Books: Home truths for the office

An octogenarian soothsayer lays down 81 laws for managers who aren't afraid of self-examination. Charles Handy soaks up the wit and wisdom of Russell Ackoff.

This book is fun - not something one can often say about a management book. It's also a compact piece of distilled wisdom. That's because it has its origins in the fertile mind of Russ Ackoff. He has been studying, advising and working with organisations of all sorts for more than 60 years and is world-renowned for his work on systems thinking - the idea that the whole is more than the parts and that any changes to one part of the system will have repercussions on others. Obvious stuff, perhaps, but incredibly important.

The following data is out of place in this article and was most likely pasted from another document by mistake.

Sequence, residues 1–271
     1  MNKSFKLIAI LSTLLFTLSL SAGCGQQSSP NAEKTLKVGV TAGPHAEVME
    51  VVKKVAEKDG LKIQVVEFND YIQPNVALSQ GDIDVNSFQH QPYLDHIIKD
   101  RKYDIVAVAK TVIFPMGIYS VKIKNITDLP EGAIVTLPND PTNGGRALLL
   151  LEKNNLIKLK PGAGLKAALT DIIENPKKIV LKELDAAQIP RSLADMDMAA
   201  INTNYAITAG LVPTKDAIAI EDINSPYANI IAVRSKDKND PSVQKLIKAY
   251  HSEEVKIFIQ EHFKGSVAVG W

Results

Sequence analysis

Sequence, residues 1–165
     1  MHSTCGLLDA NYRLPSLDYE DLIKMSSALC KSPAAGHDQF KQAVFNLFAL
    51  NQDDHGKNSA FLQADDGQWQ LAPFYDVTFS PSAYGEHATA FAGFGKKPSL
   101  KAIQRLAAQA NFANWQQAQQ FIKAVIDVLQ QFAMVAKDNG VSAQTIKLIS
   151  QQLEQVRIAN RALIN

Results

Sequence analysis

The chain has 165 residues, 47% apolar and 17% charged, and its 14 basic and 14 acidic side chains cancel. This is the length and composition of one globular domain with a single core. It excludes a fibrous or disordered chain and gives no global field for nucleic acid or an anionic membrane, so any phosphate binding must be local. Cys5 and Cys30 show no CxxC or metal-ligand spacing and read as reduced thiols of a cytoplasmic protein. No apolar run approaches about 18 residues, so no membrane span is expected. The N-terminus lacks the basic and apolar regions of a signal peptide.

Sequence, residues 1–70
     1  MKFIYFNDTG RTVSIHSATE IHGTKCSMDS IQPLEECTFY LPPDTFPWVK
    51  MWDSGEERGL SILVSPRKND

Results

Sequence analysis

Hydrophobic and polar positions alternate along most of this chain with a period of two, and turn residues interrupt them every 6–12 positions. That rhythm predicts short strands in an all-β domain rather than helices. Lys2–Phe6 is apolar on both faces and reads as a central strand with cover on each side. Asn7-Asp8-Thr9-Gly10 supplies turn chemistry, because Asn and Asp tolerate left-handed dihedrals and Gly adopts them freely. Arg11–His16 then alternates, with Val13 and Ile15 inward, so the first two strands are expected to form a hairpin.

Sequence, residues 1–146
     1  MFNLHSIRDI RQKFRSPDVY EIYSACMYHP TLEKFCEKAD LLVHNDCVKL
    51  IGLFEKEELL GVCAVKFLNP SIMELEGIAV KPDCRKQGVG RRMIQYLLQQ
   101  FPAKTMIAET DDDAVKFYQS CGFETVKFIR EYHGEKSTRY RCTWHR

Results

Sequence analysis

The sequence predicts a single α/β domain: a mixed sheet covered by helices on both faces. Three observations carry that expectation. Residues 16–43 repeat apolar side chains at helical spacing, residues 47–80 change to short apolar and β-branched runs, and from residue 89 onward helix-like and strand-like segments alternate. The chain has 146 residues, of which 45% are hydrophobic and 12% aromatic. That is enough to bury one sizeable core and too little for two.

It's the same with this little book. Many of the 81 f-Laws are obvious when you think about them, but are too often ignored or neglected. Yet they matter. Take No. 4, for instance: 'There is no point in asking customers, who do not know what they want, to say what they want.'

Focus groups or their equivalents can only provide reactions to existing products or policies. They are no substitute for true innovation. We know this but we still use consumer groups and surveys to boost our failing imagination.

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